The substance of Lindstrom's revelations, shorn of the details that are by now familiar to anyone who has followed the media investigation into the Bofors scandal and the subsequent phase of prosecution by the Central Bureau of Investigation (CBI), is merely that he encountered bad faith at every stage of his inquiries. When the scandal broke in 1987, he managed to make rapid progress, impounding crucial documents that pointed unequivocally towards promising lines of investigation. He then ran up against a stonewall. In the words of Seema Mustafa, the senior Asian Age journalist who reported the Lindstrom disclosures after extensive interviews in Stockholm: "The Swedish investigation into the kickbacks in the Bofors deal became hostage to a major cover-up launched by the governments of both Sweden and India at the time. The investigation hit roadblocks at every corner with the enthusiasm of the investigators turning into frustration as they encountered witnesses who would not speak, trails that led nowhere, and pressure from their own authorities to go slow on the case... "

In Lindstrom's account, Martin Ardbo, president of AB Bofors when the deal was struck, seemed to act with a deep sense of conviction in his own impunity. "When I asked Martin Ardbo about his diaries, when he met who, where and things like that, he just said: "I won't answer that question. He was very confident", he recalls. This suggested a measure of certainty and a brazen defiance of the law that would be inexplicable in the normal course. The sanctions available in Swedish law for obstructing the course of justice are stringent. As Lindstrom points out, in the normal course, Ardbo "would have been jailed until he answered the question".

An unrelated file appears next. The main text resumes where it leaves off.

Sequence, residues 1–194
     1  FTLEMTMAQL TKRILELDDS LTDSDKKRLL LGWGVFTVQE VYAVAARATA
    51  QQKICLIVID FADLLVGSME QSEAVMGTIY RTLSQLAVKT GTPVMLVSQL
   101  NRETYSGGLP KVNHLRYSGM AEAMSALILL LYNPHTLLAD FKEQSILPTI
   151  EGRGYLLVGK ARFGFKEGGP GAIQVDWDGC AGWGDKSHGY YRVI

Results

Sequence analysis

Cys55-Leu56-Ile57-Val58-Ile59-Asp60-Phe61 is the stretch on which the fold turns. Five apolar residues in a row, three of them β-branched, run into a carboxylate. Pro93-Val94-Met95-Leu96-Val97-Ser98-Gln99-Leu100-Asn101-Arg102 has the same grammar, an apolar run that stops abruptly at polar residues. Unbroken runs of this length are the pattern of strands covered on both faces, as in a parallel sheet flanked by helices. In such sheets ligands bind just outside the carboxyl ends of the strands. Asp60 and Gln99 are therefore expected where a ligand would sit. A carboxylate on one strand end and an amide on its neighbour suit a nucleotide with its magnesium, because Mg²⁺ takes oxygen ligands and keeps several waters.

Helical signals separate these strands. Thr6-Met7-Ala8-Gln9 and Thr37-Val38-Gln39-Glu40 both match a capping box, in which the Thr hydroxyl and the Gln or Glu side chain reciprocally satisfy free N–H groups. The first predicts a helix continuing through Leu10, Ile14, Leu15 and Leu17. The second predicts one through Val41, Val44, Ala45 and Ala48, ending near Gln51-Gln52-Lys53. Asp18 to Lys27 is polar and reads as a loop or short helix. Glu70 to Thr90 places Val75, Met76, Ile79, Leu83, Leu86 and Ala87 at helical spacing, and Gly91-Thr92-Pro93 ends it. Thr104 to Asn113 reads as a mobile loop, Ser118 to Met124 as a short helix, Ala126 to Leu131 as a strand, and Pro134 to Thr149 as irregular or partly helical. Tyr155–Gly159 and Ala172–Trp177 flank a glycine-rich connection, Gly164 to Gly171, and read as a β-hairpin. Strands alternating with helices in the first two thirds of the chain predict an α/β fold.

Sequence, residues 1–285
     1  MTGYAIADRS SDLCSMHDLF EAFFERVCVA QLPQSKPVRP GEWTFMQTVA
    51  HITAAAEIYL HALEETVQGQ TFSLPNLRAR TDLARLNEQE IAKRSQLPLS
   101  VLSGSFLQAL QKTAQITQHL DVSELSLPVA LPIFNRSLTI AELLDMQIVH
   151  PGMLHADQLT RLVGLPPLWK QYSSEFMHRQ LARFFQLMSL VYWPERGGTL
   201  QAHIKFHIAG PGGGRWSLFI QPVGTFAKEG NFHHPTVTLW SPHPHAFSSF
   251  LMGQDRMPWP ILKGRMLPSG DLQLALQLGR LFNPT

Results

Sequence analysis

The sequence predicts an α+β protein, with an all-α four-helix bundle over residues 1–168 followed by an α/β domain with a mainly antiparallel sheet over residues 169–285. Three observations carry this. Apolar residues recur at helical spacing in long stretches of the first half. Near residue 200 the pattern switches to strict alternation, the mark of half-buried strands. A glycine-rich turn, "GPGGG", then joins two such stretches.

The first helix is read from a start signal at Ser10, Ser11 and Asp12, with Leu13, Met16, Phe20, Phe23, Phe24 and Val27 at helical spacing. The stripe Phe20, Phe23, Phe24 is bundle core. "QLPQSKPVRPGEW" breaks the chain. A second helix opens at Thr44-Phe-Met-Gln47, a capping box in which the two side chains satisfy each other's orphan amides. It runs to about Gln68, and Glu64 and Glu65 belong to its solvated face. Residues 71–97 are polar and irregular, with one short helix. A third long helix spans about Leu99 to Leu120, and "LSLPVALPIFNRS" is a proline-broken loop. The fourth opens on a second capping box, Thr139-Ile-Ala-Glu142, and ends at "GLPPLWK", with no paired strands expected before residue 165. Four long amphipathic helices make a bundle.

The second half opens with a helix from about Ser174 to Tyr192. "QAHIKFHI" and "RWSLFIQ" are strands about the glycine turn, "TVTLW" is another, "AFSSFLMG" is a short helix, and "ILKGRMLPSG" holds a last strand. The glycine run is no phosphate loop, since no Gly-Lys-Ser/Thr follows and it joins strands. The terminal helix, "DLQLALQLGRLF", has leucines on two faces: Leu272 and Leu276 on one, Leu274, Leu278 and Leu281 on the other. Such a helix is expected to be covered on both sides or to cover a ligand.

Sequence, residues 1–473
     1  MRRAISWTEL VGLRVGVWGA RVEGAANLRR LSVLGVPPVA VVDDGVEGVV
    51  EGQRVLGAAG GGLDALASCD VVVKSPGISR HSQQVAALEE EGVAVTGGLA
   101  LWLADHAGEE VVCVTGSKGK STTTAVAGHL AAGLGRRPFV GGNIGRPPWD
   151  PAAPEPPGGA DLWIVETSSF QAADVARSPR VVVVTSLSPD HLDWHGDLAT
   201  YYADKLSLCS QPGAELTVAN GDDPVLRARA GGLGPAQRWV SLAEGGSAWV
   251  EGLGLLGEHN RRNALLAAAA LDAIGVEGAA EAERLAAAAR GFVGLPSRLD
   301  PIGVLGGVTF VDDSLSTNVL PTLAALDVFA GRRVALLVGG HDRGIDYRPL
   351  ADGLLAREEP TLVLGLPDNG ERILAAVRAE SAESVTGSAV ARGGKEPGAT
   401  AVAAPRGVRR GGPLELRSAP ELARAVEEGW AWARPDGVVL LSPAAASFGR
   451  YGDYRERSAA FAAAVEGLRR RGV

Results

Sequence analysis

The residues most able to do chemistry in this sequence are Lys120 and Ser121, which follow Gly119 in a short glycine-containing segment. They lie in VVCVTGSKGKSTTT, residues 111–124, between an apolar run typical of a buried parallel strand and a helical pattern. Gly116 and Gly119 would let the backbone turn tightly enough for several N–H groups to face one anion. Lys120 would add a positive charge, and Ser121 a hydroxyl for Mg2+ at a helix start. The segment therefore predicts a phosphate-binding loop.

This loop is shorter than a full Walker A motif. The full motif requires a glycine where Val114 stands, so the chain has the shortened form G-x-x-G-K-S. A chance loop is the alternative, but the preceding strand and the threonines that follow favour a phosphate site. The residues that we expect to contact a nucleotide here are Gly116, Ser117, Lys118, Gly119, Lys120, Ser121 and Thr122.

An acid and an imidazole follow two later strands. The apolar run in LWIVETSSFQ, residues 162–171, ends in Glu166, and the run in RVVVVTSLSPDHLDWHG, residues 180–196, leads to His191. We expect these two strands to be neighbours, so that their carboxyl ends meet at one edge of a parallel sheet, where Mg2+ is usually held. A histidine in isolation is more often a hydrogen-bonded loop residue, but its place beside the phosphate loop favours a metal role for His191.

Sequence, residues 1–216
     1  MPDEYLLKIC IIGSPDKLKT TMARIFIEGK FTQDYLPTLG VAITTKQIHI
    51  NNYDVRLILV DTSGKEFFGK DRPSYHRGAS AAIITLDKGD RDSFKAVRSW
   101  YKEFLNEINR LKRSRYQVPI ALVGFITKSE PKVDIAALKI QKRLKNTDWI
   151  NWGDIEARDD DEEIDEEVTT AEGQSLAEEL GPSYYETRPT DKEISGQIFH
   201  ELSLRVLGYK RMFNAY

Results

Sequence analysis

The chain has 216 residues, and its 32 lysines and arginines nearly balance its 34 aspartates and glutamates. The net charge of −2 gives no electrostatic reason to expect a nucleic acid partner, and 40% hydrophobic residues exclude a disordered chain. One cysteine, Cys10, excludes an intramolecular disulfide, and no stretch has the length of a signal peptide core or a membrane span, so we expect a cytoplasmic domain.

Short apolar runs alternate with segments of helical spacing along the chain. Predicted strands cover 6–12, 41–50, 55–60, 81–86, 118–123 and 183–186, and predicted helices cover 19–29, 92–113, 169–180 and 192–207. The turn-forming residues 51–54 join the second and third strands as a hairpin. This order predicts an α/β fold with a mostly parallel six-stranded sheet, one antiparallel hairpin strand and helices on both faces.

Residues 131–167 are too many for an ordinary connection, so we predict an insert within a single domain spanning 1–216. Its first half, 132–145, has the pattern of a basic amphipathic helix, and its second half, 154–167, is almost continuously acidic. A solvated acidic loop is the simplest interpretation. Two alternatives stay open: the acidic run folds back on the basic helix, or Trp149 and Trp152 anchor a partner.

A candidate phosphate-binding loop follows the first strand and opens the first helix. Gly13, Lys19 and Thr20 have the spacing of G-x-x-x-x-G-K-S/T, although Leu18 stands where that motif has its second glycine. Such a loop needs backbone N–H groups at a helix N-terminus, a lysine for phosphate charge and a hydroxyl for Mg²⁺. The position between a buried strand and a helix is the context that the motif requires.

Ardbo clearly knew a great deal that was potentially explosive. Towards the final stages of closing out the Bofors howitzer deal, he signed an agreement that established a 3 per cent entitlement of contract value for a mysterious shell company, A.E. Services, which had not featured in any capacity in prior negotiations. Dated November 1985, the agreement bears a "sunset clause": that it would stand cancelled if the howitzer gun contract is not awarded to Bofors by April 1 the following year. As Bofors president, Ardbo attached great importance to the deal, departing from the convention of fielding the company sales manager as signatory to commission agreements. And Lindstrom's assessment here, derived from years of investigative experience, is unambiguous: "He (Ardbo) was especially quiet about the last-minute contract with A.E. Services, a deal that he personally oversaw. It was clear to me that this was the political pay-off. Police officers know that the person who comes in last and walks off with a sum of money for no apparent work is a political payment made to people who have the power to close the deal."